THAT'S RICH: Eric Holder Says Bill Barr Is Too Political to Be Attorney General

This week, the only attorney general to be held in contempt of Congress accused the sitting attorney general of being "unfit to lead the Justice Department." Yes, Eric Holder said William Barr is too political to serve as attorney general. Talk about projection!

"When appropriate and justified, it is the attorney general’s duty to support Justice Department components, ensure their integrity and insulate them from political pressures. His or her ultimate loyalty is not to the president personally, nor even to the executive branch, but to the people — and the Constitution — of the United States," Holder wrote in an op-ed for The Washington Post.

"Virtually since the moment he took office, though, Barr’s words and actions have been fundamentally inconsistent with his duty to the Constitution. Which is why I now fear that his conduct — running political interference for an increasingly lawless president — will wreak lasting damage," Holder argued. He concluded that "William Barr has proved he is incapable" of putting the facts and the law above politics. "He is unfit to lead the Justice Department."

To be sure, Barr has made many partisan statements in defense of President Donald Trump, and he has even suggested that police should consider not keeping the peace in communities that do not respect law enforcement. Holder pointed to recent remarks Barr gave at a Federalist Society event defending Originalism and accusing the left of "the systematic shredding of norms and the undermining of the rule of law." This statement is very defensible given the history of American jurisprudence, but it remains partisan nonetheless.

Eric Holder should know. Few attorneys general have been as shamelessly partisan in support of their president as he was.

When Holder announced his retirement from DOJ in 2014, Nick Gillespie, the libertarian editor-in-chief at Reason.com, bade him good riddance. "Holder's tenure has been marked by a disturbing mix of duplicity, incompetence, and obliviousness," Gillespie wrote.

The libertarian faulted Holder for telling Congress that federal agents wouldn't raid and arrest people who ran medical marijuana dispensaries in compliance with state laws, but the administration averaged 36 medical marijuana prosecutions per year through 2013 — higher than George W. Bush's 20 prosecutions per year. "Either Holder directed the Department of Justice and was lying to Congress or he was an administrator whose subordinates routinely disobeyed him. Neither possibility is comforting," he said.

Most notoriously, Holder was held in contempt by a bipartisan vote in the House of Representatives in 2012. The attorney general had refused to testify about the "Fast and Furious" scandal involving the Phoenix office of the Bureau of Alcohol, Tobacco, Firearms, and Explosives (ATF). The scandal involved government agents allowing the illegal sale of guns that were later found at the scene of the murder of a Border Patrol agent. The tragedy seems to have followed a cockamamie scheme to demonize gun ownership and provide a pretext for the subversion of the Second Amendment.

Gillespie also condemned Holder for signing off on the secret monitoring of Fox News reporter James Rosen and other journalists, along with Holder's staunch defense of National Security Agency surveillance programs. "It took a 13-hour filibuster by Sen. Rand Paul (R-Ky.) to get Holder to acknowledge in plain language that there were in fact limits to the president’s secret kill list (the existence of which is itself deeply disturbing)," the libertarian wrote.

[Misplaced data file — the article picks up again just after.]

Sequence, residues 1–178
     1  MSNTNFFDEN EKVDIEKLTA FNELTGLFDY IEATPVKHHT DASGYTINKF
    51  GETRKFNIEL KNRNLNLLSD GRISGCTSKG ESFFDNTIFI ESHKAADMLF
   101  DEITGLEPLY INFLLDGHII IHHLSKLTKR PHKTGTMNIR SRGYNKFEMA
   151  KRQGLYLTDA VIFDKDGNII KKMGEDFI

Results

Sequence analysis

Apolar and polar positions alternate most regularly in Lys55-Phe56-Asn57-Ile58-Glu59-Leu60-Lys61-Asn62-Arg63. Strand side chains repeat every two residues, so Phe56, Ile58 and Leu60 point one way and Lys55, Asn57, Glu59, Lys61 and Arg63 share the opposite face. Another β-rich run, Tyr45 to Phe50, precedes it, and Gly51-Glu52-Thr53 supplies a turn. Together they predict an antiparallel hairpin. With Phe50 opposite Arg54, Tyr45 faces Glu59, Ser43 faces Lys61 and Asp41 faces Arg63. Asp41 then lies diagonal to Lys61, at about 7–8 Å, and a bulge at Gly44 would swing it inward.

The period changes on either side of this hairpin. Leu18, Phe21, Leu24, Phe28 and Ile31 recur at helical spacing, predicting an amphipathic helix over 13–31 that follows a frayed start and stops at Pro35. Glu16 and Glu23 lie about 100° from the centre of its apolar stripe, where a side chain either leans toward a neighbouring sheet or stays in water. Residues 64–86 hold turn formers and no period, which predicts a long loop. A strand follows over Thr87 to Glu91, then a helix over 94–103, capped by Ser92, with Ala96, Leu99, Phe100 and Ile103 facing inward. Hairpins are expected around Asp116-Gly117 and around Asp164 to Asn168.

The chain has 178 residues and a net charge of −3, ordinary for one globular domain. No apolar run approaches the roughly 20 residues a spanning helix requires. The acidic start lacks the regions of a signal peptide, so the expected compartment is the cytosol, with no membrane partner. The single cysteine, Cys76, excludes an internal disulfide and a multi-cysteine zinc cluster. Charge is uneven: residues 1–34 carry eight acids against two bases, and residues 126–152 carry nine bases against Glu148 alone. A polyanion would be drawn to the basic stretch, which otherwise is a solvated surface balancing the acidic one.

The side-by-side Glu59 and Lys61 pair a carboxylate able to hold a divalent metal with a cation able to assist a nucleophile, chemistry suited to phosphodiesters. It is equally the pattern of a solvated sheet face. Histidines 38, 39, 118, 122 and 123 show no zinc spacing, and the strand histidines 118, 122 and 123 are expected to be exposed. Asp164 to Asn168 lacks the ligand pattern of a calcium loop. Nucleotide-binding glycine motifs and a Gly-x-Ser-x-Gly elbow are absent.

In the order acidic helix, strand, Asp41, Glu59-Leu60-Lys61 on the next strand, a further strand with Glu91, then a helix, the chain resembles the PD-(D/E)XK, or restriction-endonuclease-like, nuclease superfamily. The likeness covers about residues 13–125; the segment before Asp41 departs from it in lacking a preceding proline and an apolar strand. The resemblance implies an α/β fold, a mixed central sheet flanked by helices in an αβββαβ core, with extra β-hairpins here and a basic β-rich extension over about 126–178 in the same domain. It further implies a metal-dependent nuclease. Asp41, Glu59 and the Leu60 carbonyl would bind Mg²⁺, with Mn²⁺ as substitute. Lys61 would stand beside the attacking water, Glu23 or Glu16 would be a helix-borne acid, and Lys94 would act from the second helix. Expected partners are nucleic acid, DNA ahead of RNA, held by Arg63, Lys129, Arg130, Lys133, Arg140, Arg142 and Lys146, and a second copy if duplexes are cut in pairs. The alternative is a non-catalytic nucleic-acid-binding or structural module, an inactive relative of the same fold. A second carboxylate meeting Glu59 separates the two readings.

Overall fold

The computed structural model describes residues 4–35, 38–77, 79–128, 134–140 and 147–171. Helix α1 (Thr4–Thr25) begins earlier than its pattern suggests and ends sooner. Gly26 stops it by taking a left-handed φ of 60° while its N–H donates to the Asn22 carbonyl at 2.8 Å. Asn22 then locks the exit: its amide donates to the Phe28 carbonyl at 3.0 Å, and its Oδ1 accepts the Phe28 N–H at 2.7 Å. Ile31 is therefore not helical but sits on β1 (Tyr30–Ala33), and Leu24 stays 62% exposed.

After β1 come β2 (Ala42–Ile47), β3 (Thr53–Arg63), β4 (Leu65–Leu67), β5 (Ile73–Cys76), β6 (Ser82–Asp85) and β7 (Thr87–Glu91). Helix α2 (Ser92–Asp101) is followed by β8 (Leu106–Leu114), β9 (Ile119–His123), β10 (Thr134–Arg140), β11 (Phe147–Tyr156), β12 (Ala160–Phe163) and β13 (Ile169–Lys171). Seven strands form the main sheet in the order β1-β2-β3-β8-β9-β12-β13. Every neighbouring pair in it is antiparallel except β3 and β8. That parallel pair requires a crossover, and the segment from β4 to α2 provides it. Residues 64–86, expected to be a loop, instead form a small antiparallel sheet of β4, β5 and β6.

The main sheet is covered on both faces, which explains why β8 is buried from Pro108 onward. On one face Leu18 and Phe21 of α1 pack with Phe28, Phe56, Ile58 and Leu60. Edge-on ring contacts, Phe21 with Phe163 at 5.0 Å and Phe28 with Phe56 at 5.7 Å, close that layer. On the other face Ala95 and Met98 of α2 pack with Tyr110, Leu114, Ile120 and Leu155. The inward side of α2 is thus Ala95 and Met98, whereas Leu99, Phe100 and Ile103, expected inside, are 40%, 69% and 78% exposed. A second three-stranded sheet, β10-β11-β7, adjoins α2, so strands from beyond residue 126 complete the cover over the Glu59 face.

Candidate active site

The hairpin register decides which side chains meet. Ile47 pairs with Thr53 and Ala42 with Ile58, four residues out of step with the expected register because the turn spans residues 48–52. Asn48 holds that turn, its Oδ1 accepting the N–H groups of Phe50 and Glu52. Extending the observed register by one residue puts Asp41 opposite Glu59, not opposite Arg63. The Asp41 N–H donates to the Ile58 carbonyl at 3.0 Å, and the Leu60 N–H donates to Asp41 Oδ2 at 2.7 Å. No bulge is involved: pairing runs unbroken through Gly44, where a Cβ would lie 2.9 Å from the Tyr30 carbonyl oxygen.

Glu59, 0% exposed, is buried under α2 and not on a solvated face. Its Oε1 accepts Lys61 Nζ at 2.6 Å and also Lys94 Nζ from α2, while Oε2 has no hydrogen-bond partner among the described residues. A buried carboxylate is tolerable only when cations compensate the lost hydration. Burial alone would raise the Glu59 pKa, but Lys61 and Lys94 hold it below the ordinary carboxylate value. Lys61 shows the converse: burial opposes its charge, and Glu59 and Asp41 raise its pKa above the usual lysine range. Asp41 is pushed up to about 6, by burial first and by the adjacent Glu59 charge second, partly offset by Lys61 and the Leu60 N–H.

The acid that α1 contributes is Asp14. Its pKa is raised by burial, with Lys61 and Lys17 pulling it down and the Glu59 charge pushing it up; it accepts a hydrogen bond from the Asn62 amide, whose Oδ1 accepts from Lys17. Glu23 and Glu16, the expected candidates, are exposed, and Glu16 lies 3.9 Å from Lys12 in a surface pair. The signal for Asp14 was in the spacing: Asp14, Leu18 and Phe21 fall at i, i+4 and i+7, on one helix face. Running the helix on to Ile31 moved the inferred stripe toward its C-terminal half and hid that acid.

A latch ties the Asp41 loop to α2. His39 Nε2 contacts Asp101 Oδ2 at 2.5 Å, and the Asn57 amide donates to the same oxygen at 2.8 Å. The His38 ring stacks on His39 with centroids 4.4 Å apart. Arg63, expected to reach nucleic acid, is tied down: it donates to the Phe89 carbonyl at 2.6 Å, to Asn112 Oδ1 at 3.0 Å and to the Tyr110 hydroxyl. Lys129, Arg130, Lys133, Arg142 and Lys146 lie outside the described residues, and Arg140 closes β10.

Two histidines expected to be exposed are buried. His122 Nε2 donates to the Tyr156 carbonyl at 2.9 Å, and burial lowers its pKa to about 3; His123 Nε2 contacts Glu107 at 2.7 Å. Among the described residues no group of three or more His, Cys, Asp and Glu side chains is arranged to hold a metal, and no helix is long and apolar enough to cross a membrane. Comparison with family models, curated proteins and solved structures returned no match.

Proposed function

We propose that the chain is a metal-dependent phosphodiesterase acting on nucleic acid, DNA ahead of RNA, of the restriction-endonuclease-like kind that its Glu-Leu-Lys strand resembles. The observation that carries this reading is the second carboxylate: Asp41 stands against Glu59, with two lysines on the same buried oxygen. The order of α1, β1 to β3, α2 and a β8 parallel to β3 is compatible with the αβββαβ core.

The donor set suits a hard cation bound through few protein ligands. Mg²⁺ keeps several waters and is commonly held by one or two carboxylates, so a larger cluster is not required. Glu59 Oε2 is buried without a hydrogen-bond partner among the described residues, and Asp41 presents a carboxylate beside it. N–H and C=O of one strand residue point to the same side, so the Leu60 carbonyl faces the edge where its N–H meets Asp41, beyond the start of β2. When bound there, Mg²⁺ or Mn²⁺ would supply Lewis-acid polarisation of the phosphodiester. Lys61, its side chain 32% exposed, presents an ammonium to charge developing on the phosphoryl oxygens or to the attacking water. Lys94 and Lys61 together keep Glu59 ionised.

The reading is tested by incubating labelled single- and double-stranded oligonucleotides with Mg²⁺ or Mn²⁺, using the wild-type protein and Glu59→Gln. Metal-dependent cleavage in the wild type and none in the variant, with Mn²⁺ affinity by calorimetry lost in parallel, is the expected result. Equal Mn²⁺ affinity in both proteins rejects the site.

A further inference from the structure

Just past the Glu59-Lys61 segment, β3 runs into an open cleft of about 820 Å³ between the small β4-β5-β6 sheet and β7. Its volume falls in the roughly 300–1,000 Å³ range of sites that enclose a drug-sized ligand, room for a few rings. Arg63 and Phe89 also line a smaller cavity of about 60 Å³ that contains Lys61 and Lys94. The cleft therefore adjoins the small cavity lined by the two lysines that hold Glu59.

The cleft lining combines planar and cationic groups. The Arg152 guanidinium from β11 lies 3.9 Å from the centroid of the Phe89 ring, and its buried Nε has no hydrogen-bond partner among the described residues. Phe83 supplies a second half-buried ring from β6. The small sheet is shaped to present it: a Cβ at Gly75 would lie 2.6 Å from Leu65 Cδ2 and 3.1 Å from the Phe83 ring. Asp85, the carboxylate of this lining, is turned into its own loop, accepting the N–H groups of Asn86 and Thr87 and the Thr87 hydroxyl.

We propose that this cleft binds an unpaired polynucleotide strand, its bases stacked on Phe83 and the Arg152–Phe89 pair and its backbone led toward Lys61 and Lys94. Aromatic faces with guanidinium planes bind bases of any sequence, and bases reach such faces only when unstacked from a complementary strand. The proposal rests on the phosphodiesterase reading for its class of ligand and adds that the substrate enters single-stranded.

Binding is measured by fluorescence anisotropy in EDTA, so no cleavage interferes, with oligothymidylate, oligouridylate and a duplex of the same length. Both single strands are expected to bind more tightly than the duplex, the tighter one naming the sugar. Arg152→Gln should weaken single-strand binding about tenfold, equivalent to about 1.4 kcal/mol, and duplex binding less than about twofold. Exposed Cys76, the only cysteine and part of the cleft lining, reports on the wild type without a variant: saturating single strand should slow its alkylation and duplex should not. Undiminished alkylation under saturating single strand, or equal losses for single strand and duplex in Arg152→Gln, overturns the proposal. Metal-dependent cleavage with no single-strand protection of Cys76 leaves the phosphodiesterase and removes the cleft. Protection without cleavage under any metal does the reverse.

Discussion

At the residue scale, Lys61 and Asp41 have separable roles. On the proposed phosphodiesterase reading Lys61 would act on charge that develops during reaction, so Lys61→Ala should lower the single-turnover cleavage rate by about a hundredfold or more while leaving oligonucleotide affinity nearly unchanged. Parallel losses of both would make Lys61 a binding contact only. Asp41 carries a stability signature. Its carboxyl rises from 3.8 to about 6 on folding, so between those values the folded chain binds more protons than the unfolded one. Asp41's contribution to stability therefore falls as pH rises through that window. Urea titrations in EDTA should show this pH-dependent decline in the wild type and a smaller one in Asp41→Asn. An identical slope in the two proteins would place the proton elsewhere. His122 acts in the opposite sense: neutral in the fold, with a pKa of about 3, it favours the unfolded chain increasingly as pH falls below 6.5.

These criticisms are notable because they came from a libertarian who celebrated Holder's politically-motivated decision (at the behest of the president) not to defend the Defense of Marriage Act, which was settled law, signed by former President Bill Clinton.

As PJ Media's Matt Margolis noted, Holder should never have been confirmed as attorney general in the first place. In 1970, he was the leader of a black separatist group at Columbia University called the Student Afro-American Society (SAAS). He joined that group in a five-day armed takeover of an abandoned ROTC office on Columbia University's campus. As deputy attorney general under Bill Clinton, he played a major role in pardoning the Weather Underground terrorists.

As Obama's attorney general, Holder decided not to prosecute the New Black Panther Party over voter intimidation during the 2008 election. Holder's stonewalling — in addition to his refusal to testify in "Fast and Furious"—prompted 47 out of 73 inspectors general to write a letter to Congress about the systemic obstruction. When the DOJ sued big banks for discrimination or mortgage abuse, Holder allegedly required these banks to direct billions of dollars to left-wing groups.

Holder's statements also revealed his partisanship. In 2013, he described himself as "the president's wingman." At an American Constitution Society event in 2004, Holder said conservatives have "made a mockery of the rule of law." He described the "conservative agenda" in these terms: "social division, mindless tax cutting, and a defense posture that does not really make us safer."

Many attorneys general have been partisan defenders of the current president, but few have a record so sycophantic as that of Eric Holder to Barack Obama. William Barr may go too far in defending President Trump, but Eric Holder is arguably the least credible person to make that accusation — save perhaps his successor, Loretta Lynch.

Follow Tyler O'Neil, the author of this article, on Twitter at @Tyler2ONeil.